The Markets

Behind the dark clouds of volatile markets there appears to be a silver lining. That may be hard to believe when so many are focused on whether economic weakness is due to bad weather or, well, economic weakness, but here are a few of the signs that things may take a turn for the better:

  • Business climate: On February 20, The Economist/FT Global Business Barometer, which surveys 1,500 business leaders around the world, found more than one-half of them expect the global business climate to improve during the next six months and more than one-third plan to increase capital investment in the coming year. A slight majority believe America will have a greater influence on their regional growth than China.
  • Consumer confidence: Consumer confidence climbed for the second month in January 2014. The Director of The Conference Board Consumer Confidence Index® said, “Consumers’ assessment of the present situation continues to improve, with both business conditions and the job market rated more favourably. Looking ahead six months, consumers expect the economy and their earnings to improve, but were somewhat mixed regarding the outlook for jobs. All in all, confidence appears to be back on track and rising expectations suggest the economy may pick up some momentum in the months ahead.”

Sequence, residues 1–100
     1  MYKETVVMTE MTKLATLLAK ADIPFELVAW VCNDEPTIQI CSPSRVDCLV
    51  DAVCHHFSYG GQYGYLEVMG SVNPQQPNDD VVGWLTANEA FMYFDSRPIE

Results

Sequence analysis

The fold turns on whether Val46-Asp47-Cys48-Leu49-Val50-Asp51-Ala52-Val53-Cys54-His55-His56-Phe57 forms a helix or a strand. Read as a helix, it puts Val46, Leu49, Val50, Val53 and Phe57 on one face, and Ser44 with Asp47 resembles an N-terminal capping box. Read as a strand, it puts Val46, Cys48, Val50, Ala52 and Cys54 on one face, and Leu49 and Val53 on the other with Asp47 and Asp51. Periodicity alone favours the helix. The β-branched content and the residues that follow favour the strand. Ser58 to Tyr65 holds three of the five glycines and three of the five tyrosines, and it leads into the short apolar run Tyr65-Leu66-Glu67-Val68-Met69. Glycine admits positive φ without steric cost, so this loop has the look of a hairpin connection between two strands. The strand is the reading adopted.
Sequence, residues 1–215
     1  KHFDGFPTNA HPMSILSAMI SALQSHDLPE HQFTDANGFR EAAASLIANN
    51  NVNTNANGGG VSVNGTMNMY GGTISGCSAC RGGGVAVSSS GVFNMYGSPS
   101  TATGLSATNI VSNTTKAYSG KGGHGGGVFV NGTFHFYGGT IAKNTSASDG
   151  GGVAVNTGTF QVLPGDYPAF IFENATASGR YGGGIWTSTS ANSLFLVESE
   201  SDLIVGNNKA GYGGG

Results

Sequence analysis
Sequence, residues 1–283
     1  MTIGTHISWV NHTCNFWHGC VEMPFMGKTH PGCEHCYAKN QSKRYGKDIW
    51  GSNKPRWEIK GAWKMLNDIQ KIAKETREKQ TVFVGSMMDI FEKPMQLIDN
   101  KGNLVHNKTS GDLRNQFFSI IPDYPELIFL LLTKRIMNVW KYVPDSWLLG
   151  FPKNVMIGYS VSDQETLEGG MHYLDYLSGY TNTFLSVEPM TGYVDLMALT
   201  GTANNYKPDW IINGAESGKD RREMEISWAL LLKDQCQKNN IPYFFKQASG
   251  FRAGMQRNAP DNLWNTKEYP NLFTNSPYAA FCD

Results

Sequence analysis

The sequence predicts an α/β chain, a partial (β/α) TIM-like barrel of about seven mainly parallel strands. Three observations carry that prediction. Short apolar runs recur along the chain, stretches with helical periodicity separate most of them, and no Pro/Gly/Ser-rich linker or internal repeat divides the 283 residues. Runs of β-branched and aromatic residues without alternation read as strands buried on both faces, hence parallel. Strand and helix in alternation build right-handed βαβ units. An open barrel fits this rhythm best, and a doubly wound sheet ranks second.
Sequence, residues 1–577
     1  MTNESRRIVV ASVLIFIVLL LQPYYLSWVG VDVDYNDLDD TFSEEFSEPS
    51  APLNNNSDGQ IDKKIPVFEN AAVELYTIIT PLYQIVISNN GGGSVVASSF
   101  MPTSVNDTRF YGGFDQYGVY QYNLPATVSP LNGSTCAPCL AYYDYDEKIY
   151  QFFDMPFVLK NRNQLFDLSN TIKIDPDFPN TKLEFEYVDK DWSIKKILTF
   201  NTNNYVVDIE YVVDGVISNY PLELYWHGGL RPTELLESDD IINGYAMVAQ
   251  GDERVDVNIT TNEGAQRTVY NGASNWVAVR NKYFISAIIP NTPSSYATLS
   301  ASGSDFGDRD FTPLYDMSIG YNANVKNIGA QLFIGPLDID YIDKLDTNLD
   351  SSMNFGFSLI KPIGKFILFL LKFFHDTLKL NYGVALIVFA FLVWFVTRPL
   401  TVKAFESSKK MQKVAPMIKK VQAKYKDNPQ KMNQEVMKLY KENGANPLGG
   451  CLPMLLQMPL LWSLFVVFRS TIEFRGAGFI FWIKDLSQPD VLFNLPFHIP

• Cashrich companies: Corporate America is sitting on a lot of cash – about 91 weeks’ worth of net income, according to Barron’s. It has been using that cash primarily for stock buybacks, but could use it for other things. An economist quoted in Barron’s said, “The purpose of the capital markets is to fund growth… it’s difficult to call this de-equitisation an economic equilibrium: Public companies should not make money just to buy back stock.” 

Of course, positive prospects don’t mean everything is coming up roses (especially not in this weather). Consider one of the effects of stock buybacks which is there is a lot less stock in our stock markets than there used to be. As Barron’s pointed out, “The Wilshire 5000 may have seen its list of components shrink by half since 1998, but its total market cap has doubled from $11.7 trillion to $22.5 trillion in that span. Unless you’re a government statistician, you just might call that inflation.” Oh! Inflation. That’s something we may need to think more about soon.

 
 
 

Lexington Wealth Management